Objective: To analyse the role played by Sappanone A, a bioactive ingredient isolated from the heartwood of Caesalpinia sappan, in the regulation of oral epithelial cell viability under radiation. Methods: Cell viability of human oral keratinocytes (HOKs) and mouse salivary gland cells under ionising radiation was analysed. Expression of Ki67 was measured by immunohistochemical staining. Fragmentation of deoxyribonucleic acid (DNA) was measured by comet assay. Cell death was analysed using trypan blue exclusion assay. Cell viability was measured using a Cell Counting Kit 8 (CCK8; Abcam, Cambridge, UK) assay.
Results: Sappanone A decreased cell viability of HOK cells and mouse salivary gland cells under ionising radiation. In addition, Sappanone A enhanced radiation-induced genomic DNA fragmentation, accompanied by impaired homologous recombination and non-homologous end joining DNA repair. Mechanistic evaluation revealed that Sappanone A counteracted radiation-induced inosine monophosphate dehydrogenase 2 (IMPDH2) activation, and that this effect could be abolished by reconstituted expression of a Sappanone A-binding defective IMPDH2 mutant.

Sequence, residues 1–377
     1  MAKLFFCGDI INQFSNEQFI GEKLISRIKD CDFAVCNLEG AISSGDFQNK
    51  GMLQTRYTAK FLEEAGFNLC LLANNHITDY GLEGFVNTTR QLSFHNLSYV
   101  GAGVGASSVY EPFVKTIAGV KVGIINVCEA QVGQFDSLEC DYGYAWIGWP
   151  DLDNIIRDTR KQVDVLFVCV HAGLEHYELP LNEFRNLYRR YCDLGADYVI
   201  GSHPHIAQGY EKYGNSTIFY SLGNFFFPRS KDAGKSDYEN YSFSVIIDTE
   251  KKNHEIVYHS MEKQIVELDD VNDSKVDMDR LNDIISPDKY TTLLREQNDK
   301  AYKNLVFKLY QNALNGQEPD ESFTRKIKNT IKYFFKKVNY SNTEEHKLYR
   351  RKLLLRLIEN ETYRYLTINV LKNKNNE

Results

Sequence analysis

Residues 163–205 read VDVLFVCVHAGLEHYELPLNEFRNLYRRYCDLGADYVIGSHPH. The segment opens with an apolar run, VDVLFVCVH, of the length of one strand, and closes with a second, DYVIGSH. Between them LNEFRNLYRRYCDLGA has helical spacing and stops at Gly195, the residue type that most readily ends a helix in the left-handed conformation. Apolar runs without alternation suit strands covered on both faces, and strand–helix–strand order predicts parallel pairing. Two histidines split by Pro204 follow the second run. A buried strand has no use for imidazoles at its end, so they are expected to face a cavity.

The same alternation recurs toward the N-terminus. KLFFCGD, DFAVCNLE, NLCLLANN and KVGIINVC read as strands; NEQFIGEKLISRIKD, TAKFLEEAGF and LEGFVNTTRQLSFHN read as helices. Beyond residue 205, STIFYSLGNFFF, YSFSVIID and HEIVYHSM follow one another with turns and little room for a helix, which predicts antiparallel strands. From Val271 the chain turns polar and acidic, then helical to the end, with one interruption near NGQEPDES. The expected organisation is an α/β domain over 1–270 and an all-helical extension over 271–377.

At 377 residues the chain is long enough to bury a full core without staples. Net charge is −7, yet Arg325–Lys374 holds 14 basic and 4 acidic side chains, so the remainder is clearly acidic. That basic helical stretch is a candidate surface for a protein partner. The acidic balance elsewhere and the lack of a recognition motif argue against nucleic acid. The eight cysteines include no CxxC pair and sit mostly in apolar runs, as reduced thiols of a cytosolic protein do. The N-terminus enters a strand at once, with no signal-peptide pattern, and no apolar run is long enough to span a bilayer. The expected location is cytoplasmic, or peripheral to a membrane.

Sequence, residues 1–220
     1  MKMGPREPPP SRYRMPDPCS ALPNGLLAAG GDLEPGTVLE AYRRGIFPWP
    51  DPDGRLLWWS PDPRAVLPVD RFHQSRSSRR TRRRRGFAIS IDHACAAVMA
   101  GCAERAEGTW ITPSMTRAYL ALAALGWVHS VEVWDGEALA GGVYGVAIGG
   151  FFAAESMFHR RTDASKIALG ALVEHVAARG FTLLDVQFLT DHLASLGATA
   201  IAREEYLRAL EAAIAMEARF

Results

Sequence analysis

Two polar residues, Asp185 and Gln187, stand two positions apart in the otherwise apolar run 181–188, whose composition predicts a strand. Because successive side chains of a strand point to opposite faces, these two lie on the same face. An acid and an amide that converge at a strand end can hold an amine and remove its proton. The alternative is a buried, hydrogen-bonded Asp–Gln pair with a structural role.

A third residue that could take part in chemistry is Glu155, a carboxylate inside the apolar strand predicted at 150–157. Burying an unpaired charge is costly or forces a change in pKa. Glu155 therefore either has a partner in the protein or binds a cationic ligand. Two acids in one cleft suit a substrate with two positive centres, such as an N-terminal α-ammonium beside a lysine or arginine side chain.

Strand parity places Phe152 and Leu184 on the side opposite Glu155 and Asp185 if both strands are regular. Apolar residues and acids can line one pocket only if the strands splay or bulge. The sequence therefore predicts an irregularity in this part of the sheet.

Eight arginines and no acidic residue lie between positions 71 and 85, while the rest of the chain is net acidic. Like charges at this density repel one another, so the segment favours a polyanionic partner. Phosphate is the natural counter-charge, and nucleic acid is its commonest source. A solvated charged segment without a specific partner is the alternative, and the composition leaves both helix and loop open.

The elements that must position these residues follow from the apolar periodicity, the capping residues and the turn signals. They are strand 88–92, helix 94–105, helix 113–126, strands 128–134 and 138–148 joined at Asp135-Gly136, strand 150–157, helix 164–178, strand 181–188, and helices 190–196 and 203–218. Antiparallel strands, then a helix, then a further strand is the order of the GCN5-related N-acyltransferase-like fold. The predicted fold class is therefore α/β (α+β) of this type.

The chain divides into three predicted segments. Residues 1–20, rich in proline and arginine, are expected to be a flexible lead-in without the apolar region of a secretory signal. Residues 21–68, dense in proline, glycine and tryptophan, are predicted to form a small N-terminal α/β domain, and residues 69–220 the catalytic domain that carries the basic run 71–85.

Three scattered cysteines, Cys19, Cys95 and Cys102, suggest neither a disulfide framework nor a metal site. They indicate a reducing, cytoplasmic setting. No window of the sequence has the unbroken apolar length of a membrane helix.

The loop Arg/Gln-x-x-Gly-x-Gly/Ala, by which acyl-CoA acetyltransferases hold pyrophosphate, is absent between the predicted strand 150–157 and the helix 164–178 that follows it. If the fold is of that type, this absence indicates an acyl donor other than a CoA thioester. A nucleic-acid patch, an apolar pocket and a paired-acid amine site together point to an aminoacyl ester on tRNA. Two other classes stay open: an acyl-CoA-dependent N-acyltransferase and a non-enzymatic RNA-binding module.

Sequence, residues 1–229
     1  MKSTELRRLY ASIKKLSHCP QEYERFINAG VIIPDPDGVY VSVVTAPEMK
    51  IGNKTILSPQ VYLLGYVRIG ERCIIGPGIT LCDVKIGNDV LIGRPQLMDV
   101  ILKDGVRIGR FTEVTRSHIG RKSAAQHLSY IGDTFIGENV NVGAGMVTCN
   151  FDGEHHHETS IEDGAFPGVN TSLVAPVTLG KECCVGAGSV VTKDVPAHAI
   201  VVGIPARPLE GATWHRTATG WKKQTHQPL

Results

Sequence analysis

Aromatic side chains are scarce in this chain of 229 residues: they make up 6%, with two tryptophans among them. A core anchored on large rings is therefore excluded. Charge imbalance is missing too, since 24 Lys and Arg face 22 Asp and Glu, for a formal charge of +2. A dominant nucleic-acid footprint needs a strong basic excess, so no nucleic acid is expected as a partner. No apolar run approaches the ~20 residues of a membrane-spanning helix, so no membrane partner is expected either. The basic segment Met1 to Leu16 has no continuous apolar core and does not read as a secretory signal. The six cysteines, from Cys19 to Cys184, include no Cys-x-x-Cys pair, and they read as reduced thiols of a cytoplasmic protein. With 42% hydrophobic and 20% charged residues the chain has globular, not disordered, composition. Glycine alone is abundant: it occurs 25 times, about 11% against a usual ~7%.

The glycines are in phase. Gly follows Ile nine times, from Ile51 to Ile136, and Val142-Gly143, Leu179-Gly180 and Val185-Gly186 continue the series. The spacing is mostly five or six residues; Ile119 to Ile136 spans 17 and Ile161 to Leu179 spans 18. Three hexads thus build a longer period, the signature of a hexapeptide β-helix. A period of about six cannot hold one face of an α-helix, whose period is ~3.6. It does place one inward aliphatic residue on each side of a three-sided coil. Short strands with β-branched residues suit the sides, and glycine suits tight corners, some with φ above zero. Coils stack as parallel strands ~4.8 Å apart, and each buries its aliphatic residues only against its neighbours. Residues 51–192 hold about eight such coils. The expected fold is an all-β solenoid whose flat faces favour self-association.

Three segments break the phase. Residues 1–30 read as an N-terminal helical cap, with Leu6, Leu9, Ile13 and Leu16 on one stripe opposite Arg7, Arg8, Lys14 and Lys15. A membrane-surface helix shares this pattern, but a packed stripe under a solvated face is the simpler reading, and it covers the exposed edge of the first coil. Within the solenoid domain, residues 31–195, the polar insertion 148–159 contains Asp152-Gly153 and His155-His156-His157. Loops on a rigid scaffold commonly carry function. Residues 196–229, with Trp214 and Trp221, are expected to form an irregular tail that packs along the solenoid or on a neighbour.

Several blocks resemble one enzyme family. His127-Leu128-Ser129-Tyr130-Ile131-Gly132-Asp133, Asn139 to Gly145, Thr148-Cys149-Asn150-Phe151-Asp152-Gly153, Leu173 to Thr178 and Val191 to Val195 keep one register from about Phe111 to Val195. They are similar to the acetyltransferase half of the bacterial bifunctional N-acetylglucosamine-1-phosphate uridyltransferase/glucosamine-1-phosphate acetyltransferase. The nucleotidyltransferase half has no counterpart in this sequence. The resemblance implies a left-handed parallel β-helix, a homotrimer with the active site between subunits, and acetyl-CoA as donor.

Conclusion: The present study highlights a novel role played by Sappanone A in the modulation of radiosensitivity of oral epithelial cells.